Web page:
> On Sat, Feb 9, 2019 at 6:04 AM Mike Jankulak - NOAA Affiliate via
> Coral-List <coral-list at coral.aoml.noaa.gov> wrote:
>> Listers, this morning there was another blank post from Mike Risk, the
>> original of which I now forward to you in full, unedited. This one had
>> different headers from the others so I'd hoped the software would be kinder
>> to it, but it seems I hoped in vain. The very weird thing is that Mike's
>> first post on Tuesday came through without problem so whatever is
>> triggering this, it is intermittent.
>> Enough from Mike J+, here now I bring you Mike R.
>> ---------- Forwarded message ----------
>> From: "Risk, Michael" <riskmj at mcmaster.ca>
>> To: Douglas Fenner <douglasfennertassi at gmail.com>
>> Cc: coral list <coral-list at coral.aoml.noaa.gov>
>> Date: Sat, 9 Feb 2019 01:34:19 +0000
>> Subject: Re: [Coral-List] effect of sunscreen on corals
>> This whole thread has been full of straw men and hidden agendas. Allow me
>> to mow just a couple of the straws.
>> Craig Downs did NOT say sunscreens were a greater threat to coral reefs
>> than climate change. The NYT reporter said that. (I asked Craig
>> specifically about that quote, because it was so obviously untrue.)
>> None of us is responsible for what spin the media choose to put on our
>> I hope to heaven that managers don’t make policy from reading magazines.
>> (Wait…given the evidence, maybe they do.)
>> HUGE strawman alert: No one, as far as I know, has claimed that banning
>> oxybenzone will save reefs. What some have suggested is: banning this stuff
>> is easy, so why not do it. The argument that focussing on oxybenzone will
>> divert attention from “more serious” problems is an exercise in “Look!
>> Squirrel"-ism. (I wish it to be noted that I was the first to coin this new
>> Then there are the usual meeching “objections”, like: "we need more
>> research." Lord love a duck. Find me ANY field where that could not be
>> said. These are comments generally made by people who (a) haven’t read the
>> research or (b) don’t like attention being diverted from their favourite
>> And finally: this isn’t about fish.
>> ps-to my few remaining friends out there, re those blank messages: no, I
>> wasn’t being censored by the -list. In fact, management tried their best,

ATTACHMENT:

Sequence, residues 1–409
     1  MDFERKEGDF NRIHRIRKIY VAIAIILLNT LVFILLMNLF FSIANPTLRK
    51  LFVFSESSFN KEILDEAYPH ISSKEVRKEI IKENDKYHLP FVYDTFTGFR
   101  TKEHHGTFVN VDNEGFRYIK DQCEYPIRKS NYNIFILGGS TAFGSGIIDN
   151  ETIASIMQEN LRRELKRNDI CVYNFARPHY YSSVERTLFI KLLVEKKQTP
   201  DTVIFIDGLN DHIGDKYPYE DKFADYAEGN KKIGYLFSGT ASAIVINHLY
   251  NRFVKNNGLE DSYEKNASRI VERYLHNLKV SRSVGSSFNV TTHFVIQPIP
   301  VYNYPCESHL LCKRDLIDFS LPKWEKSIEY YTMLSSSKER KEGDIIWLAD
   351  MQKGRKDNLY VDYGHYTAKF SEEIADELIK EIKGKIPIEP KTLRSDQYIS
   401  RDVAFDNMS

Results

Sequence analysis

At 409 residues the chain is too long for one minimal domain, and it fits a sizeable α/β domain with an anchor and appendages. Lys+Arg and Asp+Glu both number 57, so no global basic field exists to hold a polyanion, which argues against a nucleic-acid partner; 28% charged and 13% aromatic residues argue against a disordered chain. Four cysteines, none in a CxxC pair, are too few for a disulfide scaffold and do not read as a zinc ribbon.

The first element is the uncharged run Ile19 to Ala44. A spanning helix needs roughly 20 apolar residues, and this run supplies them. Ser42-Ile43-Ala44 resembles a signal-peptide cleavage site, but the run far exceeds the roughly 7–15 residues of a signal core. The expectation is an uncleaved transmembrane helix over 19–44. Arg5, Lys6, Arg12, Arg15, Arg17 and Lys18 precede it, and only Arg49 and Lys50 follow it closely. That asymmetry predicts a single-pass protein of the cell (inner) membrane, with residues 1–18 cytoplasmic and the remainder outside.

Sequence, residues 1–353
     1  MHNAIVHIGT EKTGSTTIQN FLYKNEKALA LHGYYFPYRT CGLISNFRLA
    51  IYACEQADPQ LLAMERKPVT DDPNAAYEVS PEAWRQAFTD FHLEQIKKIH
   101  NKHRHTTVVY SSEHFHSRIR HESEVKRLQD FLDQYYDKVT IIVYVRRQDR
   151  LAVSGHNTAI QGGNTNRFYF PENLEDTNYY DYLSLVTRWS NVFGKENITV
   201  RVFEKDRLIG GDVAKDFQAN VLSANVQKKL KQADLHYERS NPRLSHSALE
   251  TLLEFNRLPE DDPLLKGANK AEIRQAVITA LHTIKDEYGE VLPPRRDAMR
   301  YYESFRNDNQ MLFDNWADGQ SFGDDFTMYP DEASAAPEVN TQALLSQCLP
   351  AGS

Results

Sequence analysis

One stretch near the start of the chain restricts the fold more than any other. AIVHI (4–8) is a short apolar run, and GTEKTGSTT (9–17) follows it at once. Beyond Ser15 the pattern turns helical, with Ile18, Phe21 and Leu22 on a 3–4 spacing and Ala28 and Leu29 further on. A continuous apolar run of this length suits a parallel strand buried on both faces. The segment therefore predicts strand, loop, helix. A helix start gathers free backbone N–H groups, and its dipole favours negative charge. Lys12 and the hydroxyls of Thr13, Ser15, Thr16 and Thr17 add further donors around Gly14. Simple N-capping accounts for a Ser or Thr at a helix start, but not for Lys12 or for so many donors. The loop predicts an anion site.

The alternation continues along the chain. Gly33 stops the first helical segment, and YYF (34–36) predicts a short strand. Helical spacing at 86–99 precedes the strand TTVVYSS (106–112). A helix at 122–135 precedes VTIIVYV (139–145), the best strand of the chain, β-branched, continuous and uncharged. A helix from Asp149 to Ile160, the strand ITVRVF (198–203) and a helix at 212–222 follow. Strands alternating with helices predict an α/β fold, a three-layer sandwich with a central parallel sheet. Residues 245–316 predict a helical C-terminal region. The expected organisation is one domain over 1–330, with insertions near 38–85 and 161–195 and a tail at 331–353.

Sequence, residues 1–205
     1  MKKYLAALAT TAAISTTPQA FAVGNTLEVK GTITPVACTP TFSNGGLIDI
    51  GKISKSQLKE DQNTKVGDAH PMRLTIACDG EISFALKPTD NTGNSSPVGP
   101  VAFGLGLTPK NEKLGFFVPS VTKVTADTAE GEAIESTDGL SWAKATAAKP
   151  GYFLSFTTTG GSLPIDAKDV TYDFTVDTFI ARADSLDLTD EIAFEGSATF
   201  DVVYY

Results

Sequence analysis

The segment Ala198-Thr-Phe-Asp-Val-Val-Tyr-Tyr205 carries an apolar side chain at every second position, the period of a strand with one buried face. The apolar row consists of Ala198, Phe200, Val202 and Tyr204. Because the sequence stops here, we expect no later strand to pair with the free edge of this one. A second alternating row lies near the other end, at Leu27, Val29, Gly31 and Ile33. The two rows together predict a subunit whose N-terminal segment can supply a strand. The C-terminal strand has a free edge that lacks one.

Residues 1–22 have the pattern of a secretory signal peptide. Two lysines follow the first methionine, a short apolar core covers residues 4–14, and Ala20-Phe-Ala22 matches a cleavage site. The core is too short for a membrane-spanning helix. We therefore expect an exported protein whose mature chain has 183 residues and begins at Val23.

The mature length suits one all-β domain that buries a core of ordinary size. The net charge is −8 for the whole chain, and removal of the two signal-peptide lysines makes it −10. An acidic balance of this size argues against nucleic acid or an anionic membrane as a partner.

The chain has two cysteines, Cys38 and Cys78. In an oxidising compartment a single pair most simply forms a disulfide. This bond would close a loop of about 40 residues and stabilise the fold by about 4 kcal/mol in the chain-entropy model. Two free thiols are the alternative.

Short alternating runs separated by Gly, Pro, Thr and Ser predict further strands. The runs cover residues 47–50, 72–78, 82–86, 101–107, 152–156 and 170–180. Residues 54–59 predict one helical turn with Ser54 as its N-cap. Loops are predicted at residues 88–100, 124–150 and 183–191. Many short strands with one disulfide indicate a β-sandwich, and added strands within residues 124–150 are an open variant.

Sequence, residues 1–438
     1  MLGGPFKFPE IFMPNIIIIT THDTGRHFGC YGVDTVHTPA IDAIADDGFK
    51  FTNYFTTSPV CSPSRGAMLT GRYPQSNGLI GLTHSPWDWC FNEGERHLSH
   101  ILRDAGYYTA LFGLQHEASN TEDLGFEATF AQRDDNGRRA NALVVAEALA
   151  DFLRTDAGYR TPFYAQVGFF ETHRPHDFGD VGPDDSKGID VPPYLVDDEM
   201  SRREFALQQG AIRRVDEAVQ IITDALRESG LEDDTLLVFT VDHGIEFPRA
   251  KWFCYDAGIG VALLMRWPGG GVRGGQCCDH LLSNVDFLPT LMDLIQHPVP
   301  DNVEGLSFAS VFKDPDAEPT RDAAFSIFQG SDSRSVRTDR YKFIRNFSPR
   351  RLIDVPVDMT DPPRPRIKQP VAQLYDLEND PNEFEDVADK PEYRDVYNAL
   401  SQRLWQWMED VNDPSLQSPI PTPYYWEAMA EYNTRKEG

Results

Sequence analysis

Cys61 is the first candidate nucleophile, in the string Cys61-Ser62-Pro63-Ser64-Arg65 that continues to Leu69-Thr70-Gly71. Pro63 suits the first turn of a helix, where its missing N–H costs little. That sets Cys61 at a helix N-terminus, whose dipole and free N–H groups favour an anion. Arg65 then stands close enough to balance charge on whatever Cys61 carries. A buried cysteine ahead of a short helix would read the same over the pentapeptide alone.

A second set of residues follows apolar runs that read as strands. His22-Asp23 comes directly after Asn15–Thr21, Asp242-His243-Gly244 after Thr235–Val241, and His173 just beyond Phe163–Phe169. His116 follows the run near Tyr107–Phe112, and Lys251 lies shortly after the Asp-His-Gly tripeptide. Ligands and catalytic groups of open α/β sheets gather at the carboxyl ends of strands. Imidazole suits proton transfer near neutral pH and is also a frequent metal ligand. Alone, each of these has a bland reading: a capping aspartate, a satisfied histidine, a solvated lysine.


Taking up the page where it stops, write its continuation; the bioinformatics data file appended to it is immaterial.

>> but there were formatting errors beyond my ageing analog brain.
>> On Feb 8, 2019, at 1:56 PM, Douglas Fenner <douglasfennertassi at gmail.com>
>> It didn't take any digging to read that less than one-page piece on
>> Downs' website, it was featured on the home page. The scientific article
>> is a bit different, 24 pages long. The introduction does refer to many
>> studies on oxybenzone which found damaging effects at some concentration on
>> a wide variety of organisms,scary stuff, obviously real, some in temperate
>> waters, essentially none corals, and no effects on corals in the ocean
>> other than inside plastic bags (if I got that right). The decisions about
>> management are made by government people who will be unlikely to wade
>> through the scientific paper. The general public and perhaps managers will
>> be the main readers of the website. I reread that web page and I see
>> nothing that indicates it is talking about local areas. You have the
>> advantage of having read the scientific paper, which the public will not
>> have read, so you know he's talking about local effects, quite
>> appropriately. It is surely just a inadvertent error to not have made
>> clear on that web page that he's talking about very small areas compared to
>> the world's coral reefs. Sorry I hadn't caught that, but if he doesn't
>> want the general public or government people considering regulations or
>> rules to misinterpret it as I did and think he's talking about the whole
>> world's reefs, he might want to add that. That has been my main point.
>> The web article, taken literally, says that the effect of sunscreens is
>> greater than bleaching, and for the general public I still think that will